A cohort of around 12 San Francisco journalists, most of them known for reporting on tech, have received a mysterious book of tech satire full of "tweets" reimagined in elaborate, handwriting-like typeset. The book's title is Iterating Grace: Heartfelt Wisdom and Disruptive Truths from Silicon Valley's Top Venture Capitalists.

Tech reporter Alexis Madrigal of Fusion, having received something far more interesting in the mail than a new smart watch, has taken to the mystery like something of an amateur detective while acknowledging that some suspect the book to be a clever PR scam. There are also hints that the work could be somehow bound up with the literary types at McSweeney's or The Writer's Grotto, a theory I'm more inclined to believe.

Madrigal has collected the elite list of names who've received the surreptitiously hand-delivered book. They are these:

Alexis Madrigal
Sarah Rich, author
Nellie Bowles, tech journalist, former Re/code writer
Allison Arieff, SPUR editor
Doree Shafrir, Buzzfeed editor
Mat Honan, Buzzfeed editor
Mike Monteiro, designer
Clara Jeffery, Mother Jones editor
James Nestor, author
Jon Steinberg, San Francisco Magazine editor
Casey Newton, The Verge editor

The author of Iterating Grace, Koons Crooks, is described in the foreword. Of course it's a pseudonym, but the question of whose pseudonym is what's keeping Madrigal up at night. That forword, written completely anonymously, describes Koons like this:

Koons Crooks was an inexhaustible foot soldier of the first dot-com boom, working steadily as a programmer at a string of forgotten startups in the late nineties: Naka, InfoSmudge, BITKIT, Popcairn. He was tall and muscular, with a square jaw, olive complexion and thick, wavy hair just long enough to tie back in a ponytail—and yet, several friends told me, he still always managed to look distressingly unhealthy. He was, as on acquaintance put it, “fully post-meal,” inserting pieces of food into his mouth at regular intervals while he worked. A worker remembered Crooks moving through an entire bag of frozen shrimp gyoza in a single morning, raising and lowering his left hand hypnotically, and gumming each dumpling until it softened enough to be chewed and digested. Occasionally, he could be heard saying, very quietly, a single word: “Yum.”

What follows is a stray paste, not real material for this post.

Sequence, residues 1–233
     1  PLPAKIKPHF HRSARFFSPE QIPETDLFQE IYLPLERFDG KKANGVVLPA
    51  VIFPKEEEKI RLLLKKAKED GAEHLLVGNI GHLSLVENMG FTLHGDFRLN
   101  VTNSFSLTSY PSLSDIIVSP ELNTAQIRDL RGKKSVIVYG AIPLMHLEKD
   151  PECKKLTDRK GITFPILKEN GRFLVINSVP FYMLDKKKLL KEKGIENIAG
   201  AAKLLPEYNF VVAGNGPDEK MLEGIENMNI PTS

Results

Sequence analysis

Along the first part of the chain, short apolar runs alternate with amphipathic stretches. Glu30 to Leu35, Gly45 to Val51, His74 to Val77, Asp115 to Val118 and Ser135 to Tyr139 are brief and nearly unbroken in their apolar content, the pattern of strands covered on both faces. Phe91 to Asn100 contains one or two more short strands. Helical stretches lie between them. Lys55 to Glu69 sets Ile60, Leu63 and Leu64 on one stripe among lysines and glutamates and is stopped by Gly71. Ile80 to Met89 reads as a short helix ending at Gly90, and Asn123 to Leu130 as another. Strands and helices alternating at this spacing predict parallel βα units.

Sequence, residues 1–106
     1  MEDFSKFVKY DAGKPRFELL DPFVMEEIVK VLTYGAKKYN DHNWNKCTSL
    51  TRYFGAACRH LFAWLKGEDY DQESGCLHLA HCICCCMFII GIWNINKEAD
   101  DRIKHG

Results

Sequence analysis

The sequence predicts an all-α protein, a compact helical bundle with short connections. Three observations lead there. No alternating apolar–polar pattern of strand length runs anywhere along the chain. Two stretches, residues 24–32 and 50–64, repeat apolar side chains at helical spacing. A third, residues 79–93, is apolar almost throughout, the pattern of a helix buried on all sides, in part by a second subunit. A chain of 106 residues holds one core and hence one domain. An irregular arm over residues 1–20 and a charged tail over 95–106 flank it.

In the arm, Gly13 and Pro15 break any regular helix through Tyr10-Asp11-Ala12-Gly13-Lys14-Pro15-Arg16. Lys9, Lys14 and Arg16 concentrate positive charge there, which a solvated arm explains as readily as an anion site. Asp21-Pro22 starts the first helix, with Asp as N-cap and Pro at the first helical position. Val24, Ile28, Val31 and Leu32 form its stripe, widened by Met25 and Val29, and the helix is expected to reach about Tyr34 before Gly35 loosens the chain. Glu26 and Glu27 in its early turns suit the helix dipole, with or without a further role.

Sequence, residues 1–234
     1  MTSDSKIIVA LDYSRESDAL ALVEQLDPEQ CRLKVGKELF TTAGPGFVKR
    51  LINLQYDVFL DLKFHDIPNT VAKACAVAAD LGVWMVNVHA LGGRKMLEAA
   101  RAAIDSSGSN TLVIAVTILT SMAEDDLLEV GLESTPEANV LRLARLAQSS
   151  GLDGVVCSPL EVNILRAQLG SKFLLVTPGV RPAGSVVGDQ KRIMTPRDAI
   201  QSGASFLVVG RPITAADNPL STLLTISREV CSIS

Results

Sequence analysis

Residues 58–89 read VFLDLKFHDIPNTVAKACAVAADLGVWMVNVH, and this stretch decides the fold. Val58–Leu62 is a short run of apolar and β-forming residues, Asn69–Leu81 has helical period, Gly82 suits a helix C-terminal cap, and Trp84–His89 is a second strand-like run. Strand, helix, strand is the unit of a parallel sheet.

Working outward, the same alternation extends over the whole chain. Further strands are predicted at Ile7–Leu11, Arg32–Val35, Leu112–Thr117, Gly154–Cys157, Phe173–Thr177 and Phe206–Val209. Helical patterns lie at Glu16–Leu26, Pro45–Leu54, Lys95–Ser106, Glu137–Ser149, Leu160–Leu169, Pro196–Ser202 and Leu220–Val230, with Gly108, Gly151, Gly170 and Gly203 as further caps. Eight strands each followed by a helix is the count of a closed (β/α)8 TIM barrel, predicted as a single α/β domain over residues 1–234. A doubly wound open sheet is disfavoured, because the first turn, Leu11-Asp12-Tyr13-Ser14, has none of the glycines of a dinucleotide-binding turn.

The rest of the book consists of hand-drawn — or more likely letter-pressed — reproductions of odd, epigrammatic tweets mostly from venture capitalists.

It's all very weird, and right now a fully paranoid Madrigal is headed down one particular rabbit hole: "There is a code embedded in names of the people who received the book," he writes. "Remember: there are supposedly 140 books out there. So, perhaps, if you put our first initials (or last initials?) together, it would form the tweet that cracks the case?"

It's also possible, perhaps likely, that Madrigal knows exactly who wrote the book and is letting the readers of his articles in on the fun of discovering for themselves. He's vowed that "if anyone can correctly identify the author of the book, I promise to send you a beautifully framed reproduction of one of the hand-drawn tweets from the book."

What an exciting little adventure Koons Crooks is has taken us on. Anecdotally, I remember one early lesson in my own book sleuthing about authors and their pseudonyms. Reading the books of "Lemony Snicket" called A Series of Unfortunate Events aloud to my younger sister, I began to appreciate the real mystery that a relatively regular guy — in that case local writer Daniel Handler — was able to cultivate with his writerly persona, which he implicated right into the text. Speaking of which, has anyone suspected Handler yet? Fingers continue to fly, including these.